Saab 9000 Carlsson and CDi
Since his successes of nearly thirty years ago in international rallying (and particularly in the RAC Rally) behind the wheel of a Saab, Erik Carlsson has been continuously associated with the Swedish company in one form or another. It is therefore quite fitting that he should lend his name to a special edition of the 9000 turbo S, a model produced solely for the British market.
Announced at the Motor Show at the NEC, only 200 examples were originally scheduled for the model-year 1989, but such was the interest shown that this figure has since been increased.
As with Model T Fords, they are available in any colour as long as it is black, but the red pinstripe running its length and the Carlsson signature on the rear pillar set the car off. It is visually quite striking, made the more so by the additional aerodynamic styling, rear spoiler and 16in cross-spoke wheels.
Changes are not confined to outward appearances. Modifications to boost and fuel-injection and a new exhaust layout have increased the horsepower of the 1985cc turbocharged engine by 29 bhp to 204 bhp, while the torque is up from 201 lb ft to 214 lb ft at 3000 rpm. A top speed of over 147 mph is claimed and 0-60 mph is reached in only 6.9 seconds. As has become standard on all 9000 Turbos, Saab’s Direct Ignition has been fitted.
To justify its hefty £24,995 price-tag, the car features a number of other items such as anti-lock brakes, twin sport exhaust and long-range driving lamps, but at the insistence of Carlsson himself, the suspension has not been altered at all as he considered the standard Turbo suspension to be best-suited to British roads.
A quick spell in an example with the optional stiffer suspension on the twisty Jerez circuit illustrated the car’s handling and speed. At 2500 rpm the boost comes into play all the way round to 5900 rpm, when the rev-limiter cuts in. There is slight turbo lag, but since smaller Mitsubishi turbochargers are now fitted to all Saabs the delay has been clearly reduced. At the limit, the car will oversteer, but such is the handling that it can be easily contained. The front wheels will spin if one is brutal with the accelerator but torque-steer was absent.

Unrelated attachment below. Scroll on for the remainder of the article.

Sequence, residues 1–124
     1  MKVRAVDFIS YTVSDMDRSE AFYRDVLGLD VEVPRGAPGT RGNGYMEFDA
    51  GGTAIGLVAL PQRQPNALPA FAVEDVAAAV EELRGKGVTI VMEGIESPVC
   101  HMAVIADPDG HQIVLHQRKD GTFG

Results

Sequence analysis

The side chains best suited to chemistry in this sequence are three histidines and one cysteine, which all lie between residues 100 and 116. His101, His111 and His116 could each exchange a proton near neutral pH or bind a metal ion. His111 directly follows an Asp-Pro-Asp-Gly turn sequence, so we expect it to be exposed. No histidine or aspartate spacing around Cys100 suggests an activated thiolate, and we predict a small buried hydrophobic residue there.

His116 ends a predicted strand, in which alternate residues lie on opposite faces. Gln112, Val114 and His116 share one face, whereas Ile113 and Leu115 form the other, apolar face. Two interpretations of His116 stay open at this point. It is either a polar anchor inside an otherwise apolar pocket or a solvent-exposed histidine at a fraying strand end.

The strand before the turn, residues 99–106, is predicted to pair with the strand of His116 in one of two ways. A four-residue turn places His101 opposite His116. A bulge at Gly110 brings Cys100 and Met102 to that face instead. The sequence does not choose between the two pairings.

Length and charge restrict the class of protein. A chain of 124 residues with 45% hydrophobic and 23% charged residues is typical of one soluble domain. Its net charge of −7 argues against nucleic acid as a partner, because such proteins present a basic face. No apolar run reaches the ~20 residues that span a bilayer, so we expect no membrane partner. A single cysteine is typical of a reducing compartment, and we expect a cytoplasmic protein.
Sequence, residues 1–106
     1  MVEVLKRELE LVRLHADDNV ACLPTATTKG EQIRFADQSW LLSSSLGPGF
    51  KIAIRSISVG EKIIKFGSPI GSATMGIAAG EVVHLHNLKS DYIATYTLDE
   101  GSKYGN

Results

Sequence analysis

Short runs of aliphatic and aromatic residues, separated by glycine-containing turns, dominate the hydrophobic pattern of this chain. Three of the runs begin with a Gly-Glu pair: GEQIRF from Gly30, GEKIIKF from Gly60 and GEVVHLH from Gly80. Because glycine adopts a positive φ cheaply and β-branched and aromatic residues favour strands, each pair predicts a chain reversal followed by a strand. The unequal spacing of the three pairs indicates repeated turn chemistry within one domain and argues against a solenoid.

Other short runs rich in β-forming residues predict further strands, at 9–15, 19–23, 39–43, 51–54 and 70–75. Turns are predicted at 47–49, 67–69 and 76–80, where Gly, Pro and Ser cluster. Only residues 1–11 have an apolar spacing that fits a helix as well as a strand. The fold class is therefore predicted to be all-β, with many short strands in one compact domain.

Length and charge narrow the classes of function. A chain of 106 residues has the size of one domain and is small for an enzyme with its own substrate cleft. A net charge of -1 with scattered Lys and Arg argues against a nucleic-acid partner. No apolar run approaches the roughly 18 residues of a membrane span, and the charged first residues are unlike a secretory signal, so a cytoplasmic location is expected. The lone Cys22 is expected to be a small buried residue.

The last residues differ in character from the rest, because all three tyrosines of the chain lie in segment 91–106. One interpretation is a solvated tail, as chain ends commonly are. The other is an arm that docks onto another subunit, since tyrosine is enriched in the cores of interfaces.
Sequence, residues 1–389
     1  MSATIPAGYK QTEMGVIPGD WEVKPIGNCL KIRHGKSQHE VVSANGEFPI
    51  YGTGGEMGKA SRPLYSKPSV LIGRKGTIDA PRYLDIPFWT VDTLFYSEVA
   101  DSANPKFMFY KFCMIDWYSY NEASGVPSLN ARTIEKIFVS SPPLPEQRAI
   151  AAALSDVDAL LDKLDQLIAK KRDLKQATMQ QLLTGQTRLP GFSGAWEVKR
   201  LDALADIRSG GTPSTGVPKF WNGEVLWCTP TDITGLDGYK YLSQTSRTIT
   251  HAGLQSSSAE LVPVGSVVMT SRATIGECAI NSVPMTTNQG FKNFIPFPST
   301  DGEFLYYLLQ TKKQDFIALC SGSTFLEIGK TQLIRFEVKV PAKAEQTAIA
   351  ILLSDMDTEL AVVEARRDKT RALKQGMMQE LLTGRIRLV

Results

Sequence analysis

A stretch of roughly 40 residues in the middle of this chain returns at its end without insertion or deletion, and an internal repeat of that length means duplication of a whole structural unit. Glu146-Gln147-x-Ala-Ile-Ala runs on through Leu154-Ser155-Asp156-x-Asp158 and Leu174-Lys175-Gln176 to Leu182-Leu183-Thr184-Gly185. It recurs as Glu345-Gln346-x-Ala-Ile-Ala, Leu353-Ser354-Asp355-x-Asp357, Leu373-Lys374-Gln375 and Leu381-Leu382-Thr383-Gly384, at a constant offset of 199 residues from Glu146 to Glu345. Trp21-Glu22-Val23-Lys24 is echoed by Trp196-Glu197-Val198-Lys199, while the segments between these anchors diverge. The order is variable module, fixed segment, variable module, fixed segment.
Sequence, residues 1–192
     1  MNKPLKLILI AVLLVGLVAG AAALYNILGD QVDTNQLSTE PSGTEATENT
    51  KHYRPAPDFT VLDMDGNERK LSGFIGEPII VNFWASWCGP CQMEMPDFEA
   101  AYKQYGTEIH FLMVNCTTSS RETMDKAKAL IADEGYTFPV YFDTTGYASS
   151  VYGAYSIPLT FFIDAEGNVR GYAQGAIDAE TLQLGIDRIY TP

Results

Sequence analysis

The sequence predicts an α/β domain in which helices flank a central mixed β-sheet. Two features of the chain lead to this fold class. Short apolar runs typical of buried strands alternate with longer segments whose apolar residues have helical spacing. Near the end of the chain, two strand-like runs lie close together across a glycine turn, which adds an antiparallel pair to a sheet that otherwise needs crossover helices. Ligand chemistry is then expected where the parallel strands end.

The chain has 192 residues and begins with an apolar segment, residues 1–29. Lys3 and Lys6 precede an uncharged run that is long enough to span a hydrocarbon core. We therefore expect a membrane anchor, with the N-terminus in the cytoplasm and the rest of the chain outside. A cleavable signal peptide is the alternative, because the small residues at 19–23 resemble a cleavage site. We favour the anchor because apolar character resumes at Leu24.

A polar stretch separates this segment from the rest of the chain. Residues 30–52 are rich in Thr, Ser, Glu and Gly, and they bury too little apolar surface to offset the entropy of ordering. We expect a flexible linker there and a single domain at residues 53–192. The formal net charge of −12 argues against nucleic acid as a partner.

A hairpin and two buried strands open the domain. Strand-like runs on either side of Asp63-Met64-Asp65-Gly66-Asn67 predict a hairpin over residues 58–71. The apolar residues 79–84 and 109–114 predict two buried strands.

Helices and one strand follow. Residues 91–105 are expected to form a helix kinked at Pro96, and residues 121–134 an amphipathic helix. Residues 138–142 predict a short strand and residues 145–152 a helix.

£25,000 is a high price to pay, but since this is a very limited edition, Saab is sure to fmd enough customers who want their performance car to be that bit different.
Rather in the shadow of the Carlsson but of far greater importance to Saab in terms of sales are the new additions to the CD range, the Swedish manufacturer’s notchback line. Complementing the £26,495 CD Turbo, the normally-aspirated CDi and mechanically identical but higher-spec CDS model also made their debuts at the NEC.
Their greatest asset is the superb chassis and excellent suspension which when allied to Michelin’s latest MXV2 tyres ensure handling and steering are second to none. Both models are powered by the 16-valve 2-litre engine, now far more refined following modifications to the Bosch fuel-injection, electronic ignition and intake and exhaust systems.
The CDi marks a new entry level for Saab’s four-door range, but at £15,495 is still lacking in interior niceties; this does not detract, however, from the fact that it is Saab’s best yet. The CDS costs £17,795 and a cheaper version of the CD Turbo £19 ,995. WPK.